Our Community Our Kids
In May 2020, JSSA celebrated Mental Health Awareness month by launching the Our Community Our Kids initiative. Two free webinars were provided to more than 150 registered participants to engage the community and create awareness of system of care theory and best practices.
This initiative is an effort to revitalize system of care efforts in Montgomery County, advancing an approach which builds partnerships to create a broad, collaborative, integrated and innovative service delivery system for meeting the needs of youth and families in our community. JSSA’s goal for the Our Community Our Kids initiative is to provide training for community-based professionals, public child and family serving agencies, youth, families and policymakers to develop an understanding and practice of collaboration and values-based decision making at all levels of service provision.
Participants in JSSA’s training develop the knowledge to support the neediest and most vulnerable youth and families in ways that are family driven, youth guided, community based, strength based and culturally and linguistically competent. Our Community Our Kids will also highlight ways in which families, youth, child serving agencies, and providers can work together in developing and implementing systemic changes which reflect Systems of Care best practices; ensuring positive outcomes for our kids as well as our community.
Trainings will be offered every month beginning in August 2020 and will provide Category I CE credits. If you would like to be on the distribution list for the training announcements please email Kiran Dixit –email@example.com.
On May 12th, Dr. Raymond Crowel, Director of Montgomery County’s Health and Human Services, welcomed all the participants and spoke about the importance of incorporating system of care values and principles at all levels – service delivery, policy, finance and legislation and outcomes and evaluations.
Components of systems of care include Wraparound, family support and navigation, and youth voice and engagement.
Beth Stroul, a leader in system of care, provided the keynote and gave the participants an overview of what System of Care is and how a community can successfully implement the values and principles.
Click here for the presentation.
On May 26th, the second part of the series was launched and it focused on youth voice titled, System Survivors: A Facilitated Discussion.”
The series featured a facilitated conversation with youth that have experienced life in the mental health system. Leaders in youth engagement shared their experience and expertise about ways to improve the lives of transition age youth in our community. This panel provided an opportunity for professionals to hear directly from youth about what works and lessons learned.
In addition, they discussed what is needed to build a comprehensive system of care where youth voice is valued and included. The panelists were articulate and insightful and their input was valued by the participants.
Lois Ngam is a 22-year-old college student, born and raised in Cameroon, West Africa. She moved to the U.S. in 2010. Currently, she is pursuing her BS in Nursing with a minor in Psychology at Coppin State University in Baltimore. During her spare time, she loves couponing, cooking, and baking for friends and family.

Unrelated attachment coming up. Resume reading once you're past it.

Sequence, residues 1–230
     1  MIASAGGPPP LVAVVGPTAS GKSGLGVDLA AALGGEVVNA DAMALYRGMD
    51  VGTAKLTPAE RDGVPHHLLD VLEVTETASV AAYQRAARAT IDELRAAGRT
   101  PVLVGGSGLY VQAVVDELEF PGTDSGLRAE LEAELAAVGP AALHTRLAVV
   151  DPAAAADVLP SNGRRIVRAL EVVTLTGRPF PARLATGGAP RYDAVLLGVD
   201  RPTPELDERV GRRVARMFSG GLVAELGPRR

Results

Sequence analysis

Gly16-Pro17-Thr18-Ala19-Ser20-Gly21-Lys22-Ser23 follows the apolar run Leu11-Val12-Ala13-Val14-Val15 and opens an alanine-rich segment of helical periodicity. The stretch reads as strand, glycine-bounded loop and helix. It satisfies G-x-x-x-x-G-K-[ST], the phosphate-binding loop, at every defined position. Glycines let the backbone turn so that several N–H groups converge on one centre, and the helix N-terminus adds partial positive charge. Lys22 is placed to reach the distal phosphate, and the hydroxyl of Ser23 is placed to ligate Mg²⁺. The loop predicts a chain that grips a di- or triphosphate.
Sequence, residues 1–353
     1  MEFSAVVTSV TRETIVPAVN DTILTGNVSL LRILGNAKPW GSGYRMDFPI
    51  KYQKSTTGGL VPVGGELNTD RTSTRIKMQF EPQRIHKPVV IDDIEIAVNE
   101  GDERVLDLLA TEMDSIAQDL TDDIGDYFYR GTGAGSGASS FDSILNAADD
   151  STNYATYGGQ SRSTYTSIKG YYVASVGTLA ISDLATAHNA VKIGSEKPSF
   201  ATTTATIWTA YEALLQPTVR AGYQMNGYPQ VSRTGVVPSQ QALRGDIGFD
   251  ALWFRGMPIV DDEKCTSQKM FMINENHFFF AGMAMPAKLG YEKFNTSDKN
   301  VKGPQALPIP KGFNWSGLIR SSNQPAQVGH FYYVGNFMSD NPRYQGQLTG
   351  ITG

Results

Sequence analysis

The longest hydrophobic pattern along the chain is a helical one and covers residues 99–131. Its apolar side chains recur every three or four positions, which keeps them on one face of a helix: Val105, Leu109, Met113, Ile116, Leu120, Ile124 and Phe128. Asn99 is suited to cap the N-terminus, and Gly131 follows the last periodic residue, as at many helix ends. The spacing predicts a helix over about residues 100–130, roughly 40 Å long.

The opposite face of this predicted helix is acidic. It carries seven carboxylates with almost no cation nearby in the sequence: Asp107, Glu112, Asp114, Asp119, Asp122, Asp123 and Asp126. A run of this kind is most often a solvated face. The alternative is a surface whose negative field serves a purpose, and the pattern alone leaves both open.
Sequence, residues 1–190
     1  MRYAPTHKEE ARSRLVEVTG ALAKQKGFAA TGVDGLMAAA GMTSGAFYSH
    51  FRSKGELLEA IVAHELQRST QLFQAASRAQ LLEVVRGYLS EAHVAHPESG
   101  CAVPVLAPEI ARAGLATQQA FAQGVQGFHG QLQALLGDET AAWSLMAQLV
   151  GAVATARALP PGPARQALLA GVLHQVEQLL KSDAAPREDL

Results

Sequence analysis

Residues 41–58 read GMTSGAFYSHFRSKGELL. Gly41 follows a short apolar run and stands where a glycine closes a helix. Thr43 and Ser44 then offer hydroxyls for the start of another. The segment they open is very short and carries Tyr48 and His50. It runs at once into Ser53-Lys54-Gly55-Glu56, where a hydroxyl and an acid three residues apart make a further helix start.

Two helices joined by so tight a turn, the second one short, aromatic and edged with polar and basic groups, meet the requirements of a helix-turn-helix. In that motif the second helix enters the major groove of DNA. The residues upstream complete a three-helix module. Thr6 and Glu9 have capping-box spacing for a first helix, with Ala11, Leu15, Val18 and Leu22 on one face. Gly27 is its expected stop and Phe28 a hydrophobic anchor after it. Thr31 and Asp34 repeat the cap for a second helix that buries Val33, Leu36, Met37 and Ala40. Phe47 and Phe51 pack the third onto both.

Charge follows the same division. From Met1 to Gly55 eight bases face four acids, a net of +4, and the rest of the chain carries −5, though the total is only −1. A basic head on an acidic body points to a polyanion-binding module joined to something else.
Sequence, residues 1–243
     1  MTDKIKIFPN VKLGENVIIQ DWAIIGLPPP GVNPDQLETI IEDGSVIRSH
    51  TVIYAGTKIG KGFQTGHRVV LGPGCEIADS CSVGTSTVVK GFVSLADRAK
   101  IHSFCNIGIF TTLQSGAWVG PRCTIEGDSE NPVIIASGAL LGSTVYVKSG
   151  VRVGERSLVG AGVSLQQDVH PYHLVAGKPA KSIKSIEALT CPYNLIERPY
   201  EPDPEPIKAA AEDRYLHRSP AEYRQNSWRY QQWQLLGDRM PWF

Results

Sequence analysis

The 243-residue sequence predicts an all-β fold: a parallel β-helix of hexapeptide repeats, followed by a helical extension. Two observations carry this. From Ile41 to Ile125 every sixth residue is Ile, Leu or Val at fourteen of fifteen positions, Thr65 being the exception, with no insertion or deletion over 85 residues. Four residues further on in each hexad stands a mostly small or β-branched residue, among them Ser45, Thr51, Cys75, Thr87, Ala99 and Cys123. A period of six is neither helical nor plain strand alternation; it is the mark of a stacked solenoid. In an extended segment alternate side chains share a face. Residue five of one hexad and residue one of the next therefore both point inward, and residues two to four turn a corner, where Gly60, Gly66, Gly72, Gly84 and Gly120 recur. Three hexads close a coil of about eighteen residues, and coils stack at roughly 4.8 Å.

Wesley Reyes is a youth support partner at Bridges to the Future. He wants to help youth and young adults realize their potential and lay out their goals in achievable ways. Wesley received his bachelor’s in psychology and criminal justice at Frostburg State University, and from there went on to start his master’s in forensic psychology. Wesley strives to continually improve himself and tries to make the most of his time by staying active, studying, and spending time with friends and family. Wesley loves sports, is an avid movie fan, likes to play any kind of video game, and loves food. Wesley hopes to become an agent for the FBI and work as an investigator.
Rosely Marcial is a peer youth supporter with Bridges To the Future. In this position, she uses her lived experience in mental health to assist the youth in gaining control over their lives and creating positive change in their transition to adulthood. Rosely, while being part of the Honors Program, Phi Theta Kappa Honor Society, and The National Society Of Collegiate Scholars, received her Associate Degree in Psychology from Prince George’s Community College and is now pursuing her Bachelor’s Degree in Psychology at Morgan State University. Whenever she isn’t working or studying she spends her free time coordinating events for her local community. She plans, develops, monitors, and conducts post-event evaluations to determine how future events could be improved in the future.
Savannah Sejour was born and raised in Montgomery County, Maryland. She is currently working a 9 to 5 job to support her self-sufficient lifestyle, and is aiming to finish school and advance to higher education over the next few years. In her free time she enjoys doing a variety of arts and crafts, including candle-making. She also enjoys roller skating, yoga, and meditating. Savannah aims to complete her education and career goals, in regards to earning her MBA and succeeding in the many projects that will add to the foundational preparation of her goals.
- Information relating to system of care and Wraparound
- Information about Montgomery County Federation of Families for Children’s Mental Health